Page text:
It appears from the brief of plaintiffs (p. 2), in opposition to the motion to dismiss that the only contention of plaintiffs, as a basis for setting aside the Deputy Commissioner's award, is that: "There is no basis in the record upon which the honorable commissioner could reasonably find that there was any causal connection between the incident of jumping off of the rear of the truck and the subsequent condition of ill-being complained of."
This statement is followed by certain quotations from the transcript of the evidence presented before the Deputy Commissioner, and a discussion of the evidence in support of plaintiffs' contention that there is no foundation for the finding of a causal connection between the jumping from the truck and the condition of claimant.
The record, made before the Deputy Commissioner, shows that at the hearing held at Jefferson City, Missouri, on December 1, 1943, three witnesses testified: The claimant, his brother Robert, and his foreman, Harry Whitting. Claimant was not represented by counsel and he and his witnesses were examined by the Deputy Commissioner. The employer and insurance carrier (plaintiffs here) were represented by counsel, who cross-examined claimant and his witnesses.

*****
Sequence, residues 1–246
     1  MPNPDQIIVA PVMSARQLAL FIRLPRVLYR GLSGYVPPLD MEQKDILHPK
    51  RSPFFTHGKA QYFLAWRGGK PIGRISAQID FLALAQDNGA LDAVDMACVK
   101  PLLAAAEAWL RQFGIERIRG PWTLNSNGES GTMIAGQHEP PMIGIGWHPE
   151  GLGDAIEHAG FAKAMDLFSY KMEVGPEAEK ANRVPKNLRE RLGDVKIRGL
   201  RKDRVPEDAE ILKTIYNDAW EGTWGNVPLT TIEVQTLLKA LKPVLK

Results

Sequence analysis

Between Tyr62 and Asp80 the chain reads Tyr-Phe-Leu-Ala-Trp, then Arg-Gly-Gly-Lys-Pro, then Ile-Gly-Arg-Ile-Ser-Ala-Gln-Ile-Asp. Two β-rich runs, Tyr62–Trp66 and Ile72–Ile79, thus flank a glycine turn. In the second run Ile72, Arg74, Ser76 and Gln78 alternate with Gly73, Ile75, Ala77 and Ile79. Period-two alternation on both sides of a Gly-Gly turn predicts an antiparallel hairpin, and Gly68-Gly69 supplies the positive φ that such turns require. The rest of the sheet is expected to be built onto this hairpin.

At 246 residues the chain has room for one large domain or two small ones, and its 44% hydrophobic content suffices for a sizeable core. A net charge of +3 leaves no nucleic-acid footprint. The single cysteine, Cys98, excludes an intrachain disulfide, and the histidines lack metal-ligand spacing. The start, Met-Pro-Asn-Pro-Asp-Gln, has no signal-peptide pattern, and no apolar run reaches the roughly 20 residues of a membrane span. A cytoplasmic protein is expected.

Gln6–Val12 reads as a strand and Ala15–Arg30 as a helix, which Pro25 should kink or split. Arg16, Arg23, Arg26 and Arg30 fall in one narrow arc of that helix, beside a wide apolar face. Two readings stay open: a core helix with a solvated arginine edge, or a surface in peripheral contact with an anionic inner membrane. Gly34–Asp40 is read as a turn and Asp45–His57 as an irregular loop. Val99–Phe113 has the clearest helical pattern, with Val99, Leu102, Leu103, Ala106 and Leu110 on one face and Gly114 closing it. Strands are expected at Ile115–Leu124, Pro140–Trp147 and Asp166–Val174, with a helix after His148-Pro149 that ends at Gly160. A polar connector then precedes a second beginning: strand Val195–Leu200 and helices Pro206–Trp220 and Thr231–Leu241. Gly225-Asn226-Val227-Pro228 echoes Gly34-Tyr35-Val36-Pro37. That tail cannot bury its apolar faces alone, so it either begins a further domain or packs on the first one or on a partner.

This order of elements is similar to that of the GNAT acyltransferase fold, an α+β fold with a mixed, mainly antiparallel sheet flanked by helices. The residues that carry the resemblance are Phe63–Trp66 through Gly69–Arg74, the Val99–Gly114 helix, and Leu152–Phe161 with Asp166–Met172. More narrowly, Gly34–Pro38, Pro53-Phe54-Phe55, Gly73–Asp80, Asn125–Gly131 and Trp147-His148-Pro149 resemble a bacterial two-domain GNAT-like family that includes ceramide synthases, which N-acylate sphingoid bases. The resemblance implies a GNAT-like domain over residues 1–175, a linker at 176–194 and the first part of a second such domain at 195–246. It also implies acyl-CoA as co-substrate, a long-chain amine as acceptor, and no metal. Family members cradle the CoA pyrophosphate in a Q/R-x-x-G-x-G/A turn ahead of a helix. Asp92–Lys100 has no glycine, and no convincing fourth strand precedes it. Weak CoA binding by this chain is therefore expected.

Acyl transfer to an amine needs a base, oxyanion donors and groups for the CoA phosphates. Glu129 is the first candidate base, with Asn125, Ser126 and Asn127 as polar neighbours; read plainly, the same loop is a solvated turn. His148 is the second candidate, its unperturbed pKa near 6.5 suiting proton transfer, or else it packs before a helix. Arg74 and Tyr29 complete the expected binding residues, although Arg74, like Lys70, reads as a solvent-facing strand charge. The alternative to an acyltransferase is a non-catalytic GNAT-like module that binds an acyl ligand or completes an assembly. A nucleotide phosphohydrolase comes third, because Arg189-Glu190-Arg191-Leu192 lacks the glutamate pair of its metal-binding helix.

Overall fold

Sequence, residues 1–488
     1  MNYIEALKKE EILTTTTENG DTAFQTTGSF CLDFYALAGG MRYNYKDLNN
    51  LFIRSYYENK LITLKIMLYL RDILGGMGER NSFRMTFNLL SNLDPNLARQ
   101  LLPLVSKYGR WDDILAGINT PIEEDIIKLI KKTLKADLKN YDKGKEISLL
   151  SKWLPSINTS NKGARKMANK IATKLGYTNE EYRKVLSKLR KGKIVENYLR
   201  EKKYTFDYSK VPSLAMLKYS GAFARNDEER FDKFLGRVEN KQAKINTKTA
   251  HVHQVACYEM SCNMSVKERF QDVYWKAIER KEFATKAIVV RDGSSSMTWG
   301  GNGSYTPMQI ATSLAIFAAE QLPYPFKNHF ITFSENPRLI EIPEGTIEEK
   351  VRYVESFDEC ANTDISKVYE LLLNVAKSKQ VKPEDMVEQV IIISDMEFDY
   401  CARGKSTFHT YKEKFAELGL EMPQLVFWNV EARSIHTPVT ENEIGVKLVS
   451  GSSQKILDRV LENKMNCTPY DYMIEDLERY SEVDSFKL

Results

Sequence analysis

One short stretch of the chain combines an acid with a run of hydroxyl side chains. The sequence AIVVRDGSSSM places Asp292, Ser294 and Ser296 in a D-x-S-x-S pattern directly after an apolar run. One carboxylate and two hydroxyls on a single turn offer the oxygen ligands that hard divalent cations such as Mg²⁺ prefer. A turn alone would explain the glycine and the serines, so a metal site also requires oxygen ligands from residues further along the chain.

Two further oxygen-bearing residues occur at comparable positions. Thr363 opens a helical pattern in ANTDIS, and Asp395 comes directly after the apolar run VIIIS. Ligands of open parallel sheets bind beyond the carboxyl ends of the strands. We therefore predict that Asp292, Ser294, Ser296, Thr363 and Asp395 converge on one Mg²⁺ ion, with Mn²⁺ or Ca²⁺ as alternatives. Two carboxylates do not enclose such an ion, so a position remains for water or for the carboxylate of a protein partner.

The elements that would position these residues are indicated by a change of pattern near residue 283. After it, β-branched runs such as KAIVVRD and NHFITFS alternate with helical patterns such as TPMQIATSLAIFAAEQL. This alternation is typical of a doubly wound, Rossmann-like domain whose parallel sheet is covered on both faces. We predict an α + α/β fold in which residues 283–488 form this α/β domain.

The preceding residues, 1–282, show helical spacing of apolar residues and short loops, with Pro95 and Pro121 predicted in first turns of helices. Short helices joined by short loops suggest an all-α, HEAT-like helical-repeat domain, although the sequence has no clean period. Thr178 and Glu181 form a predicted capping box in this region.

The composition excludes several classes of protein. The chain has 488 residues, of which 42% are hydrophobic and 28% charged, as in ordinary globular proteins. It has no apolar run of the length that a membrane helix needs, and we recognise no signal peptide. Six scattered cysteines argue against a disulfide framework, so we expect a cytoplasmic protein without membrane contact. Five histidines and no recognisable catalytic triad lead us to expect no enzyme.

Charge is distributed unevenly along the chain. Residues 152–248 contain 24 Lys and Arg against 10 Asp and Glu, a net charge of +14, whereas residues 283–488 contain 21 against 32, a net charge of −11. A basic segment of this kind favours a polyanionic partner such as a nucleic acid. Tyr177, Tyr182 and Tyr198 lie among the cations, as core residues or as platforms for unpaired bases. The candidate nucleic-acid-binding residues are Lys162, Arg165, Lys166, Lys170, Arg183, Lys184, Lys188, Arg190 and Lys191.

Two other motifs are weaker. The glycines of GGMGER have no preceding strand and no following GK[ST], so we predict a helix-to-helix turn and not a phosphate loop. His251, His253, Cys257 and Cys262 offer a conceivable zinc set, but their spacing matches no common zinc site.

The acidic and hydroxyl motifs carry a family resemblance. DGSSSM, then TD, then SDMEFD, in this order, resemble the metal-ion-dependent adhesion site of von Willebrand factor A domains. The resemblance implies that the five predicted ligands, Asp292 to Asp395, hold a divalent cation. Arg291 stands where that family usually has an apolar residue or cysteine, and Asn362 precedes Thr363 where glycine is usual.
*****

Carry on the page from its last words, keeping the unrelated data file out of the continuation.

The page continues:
Claimant's testimony, briefly, was: He is 27 and resides at Chamois, Missouri; about May 12th or 14th, 1943, while working at Alberta, Canada, as a caulker on barges, his feet got sore and swollen so he could not wear shoes, and his ankles were weak, "I haven't the slightest idea what caused them to do that"; that he hurt his feet one day at noon when he was required to jump off a truck onto the ground; it could have been from jumping off the truck; his feet stung and hurt so that he could hardly walk on them, hurt on ball of foot, but when he got warmed up his feet felt better; that he saw the doctor about a week later; that the doctor's assistant examined him and said it looked like broken arches but the doctor said it wasn't; that the manager let him stay off his feet while they were sore; that the only accident he can think of was that of jumping off the truck, or jumping from the scaffolds on the barges; that he is 27 and has been caulking since he was 15; that he never had any trouble with his feet before he went to Canada, and never went to a doctor; that he passed the railroad examination and worked for Missouri Pacific before he went to Canada; has not been able to do anything since he came back from Canada; feet and legs hurt up to hips. He went back to work after lunch the day he jumped off the truck; it was four or five days or a week later, when walking around camp, that he felt this weakness in his ankles.